March 1, 2009
When I was a kid, I wanted to play the piano. My parents thought it was a passing phase, and I would give it up after a month. A large duster collector it would become. We would go to a friends' house, and my eyes would light up when I saw this majestic instrument just waiting to be played. I always asked the owner if I could play it, and would forgo being outside with the other kids, just to have abit of time with my friend, the piano. I didn't know how to read music at the time, so I would gently touch the elegant white keys. The black keys were special and so elite to my eyes. I would never bang on the piano the way some kids would. At a young age, I knew the delights of this beautiful instrument.
When I was a late teen, I decided to take piano lessons from a very sweet ole' lady in my neighborhood. Mrs. Bruin taught all the kids whose homes had pianos. One day, I rang her doorbell, introduced myself and asked her for piano lessons. That began a wonderful friendship between her and I. She taught me how to read music, and would bring cookies and ice tea into the living room. I would take photos of her inside and outside of her house. She lived in one of those historic homes that was built during the Revolutionary times. I loved her crooked staircase! I would visit her quite often, because I still didn't have a piano, and needed to practice somewhere. She loved the company. This went on for a couple of years, and I loved hearing myself use the keys to play music. Was I a budding Chopin? No, but that didn't matter. I played piano (and knew what I was doing) all because Mrs. Bruin was a wonderfully generous Teacher. I can still see her big smile and hear her laughter.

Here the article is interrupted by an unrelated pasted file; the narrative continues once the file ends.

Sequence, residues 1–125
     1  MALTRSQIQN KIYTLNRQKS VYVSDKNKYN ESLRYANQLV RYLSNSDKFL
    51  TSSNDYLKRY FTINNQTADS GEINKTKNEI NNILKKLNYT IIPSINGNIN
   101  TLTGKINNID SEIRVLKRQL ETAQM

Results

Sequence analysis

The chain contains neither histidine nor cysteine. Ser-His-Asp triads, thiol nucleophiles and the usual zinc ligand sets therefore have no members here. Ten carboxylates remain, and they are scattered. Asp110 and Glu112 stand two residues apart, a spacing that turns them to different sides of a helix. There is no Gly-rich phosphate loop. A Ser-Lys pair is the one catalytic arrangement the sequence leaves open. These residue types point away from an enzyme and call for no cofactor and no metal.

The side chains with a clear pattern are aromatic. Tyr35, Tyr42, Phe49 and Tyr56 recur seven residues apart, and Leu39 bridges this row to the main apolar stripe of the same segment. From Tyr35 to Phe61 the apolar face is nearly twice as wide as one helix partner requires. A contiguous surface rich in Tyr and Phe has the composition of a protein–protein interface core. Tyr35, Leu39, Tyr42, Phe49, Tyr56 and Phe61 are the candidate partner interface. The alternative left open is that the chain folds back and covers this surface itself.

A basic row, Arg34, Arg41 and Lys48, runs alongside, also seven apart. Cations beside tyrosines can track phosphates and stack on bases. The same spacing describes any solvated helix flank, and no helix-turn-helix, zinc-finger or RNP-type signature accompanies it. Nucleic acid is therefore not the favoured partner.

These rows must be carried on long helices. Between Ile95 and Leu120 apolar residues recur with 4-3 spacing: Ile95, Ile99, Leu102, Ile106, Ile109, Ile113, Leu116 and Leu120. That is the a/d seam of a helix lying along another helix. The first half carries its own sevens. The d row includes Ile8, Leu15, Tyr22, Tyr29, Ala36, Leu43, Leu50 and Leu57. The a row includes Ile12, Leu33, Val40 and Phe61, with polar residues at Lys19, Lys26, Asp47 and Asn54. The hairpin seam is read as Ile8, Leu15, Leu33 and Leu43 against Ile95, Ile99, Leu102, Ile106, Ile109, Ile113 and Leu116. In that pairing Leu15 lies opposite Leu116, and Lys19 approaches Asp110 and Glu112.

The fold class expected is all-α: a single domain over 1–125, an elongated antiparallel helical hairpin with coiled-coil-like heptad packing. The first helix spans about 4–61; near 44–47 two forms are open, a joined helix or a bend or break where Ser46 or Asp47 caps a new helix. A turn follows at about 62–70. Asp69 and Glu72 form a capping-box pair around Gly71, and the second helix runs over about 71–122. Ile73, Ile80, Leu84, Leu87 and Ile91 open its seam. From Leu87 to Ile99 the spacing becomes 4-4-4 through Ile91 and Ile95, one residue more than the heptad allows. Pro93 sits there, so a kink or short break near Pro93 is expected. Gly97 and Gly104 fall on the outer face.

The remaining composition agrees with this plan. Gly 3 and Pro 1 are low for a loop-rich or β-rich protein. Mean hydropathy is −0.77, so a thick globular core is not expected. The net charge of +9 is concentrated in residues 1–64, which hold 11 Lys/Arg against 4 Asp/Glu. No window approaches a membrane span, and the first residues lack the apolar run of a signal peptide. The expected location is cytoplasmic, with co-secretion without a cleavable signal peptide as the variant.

Mrs. Bruin took ill, and it wasn't long before she moved out of her house to live with her daughter, and then a nursing home. I visited her at both places, and then one day she died. Before she became sick, as if she knew what was coming her way, she one day gave me some music books. She said she wanted me to have them. I accepted them graciously, knowing they would always remind me of her. She said to me "it doesn't matter when in your life, or where you are, but you must not give up your desire to play piano. It's in you."
I've lived in several different places in my adult life, whereby a piano would never fit through the door, but that hasn't diminished my dream of owning one. Currently, in our townhouse, with a few modifications, we can place one in the living room. However, with todays' economy, Hubby and I have become more savers than spenders. We will again regain our hope for brighter times, and when we do, oh boy, look out! It won't be a Steinway, my beginning lessons would sound ridiculous on it. Steinways needs a room of their own to show off their sexy curvy lines, with track lighting above. My piano will be pretty and just for me. And everytime I play I will thank Mrs. Bruin for teaching me how to read music, for our laughter and friendship, and for providing me with a place (her home) to play her piano.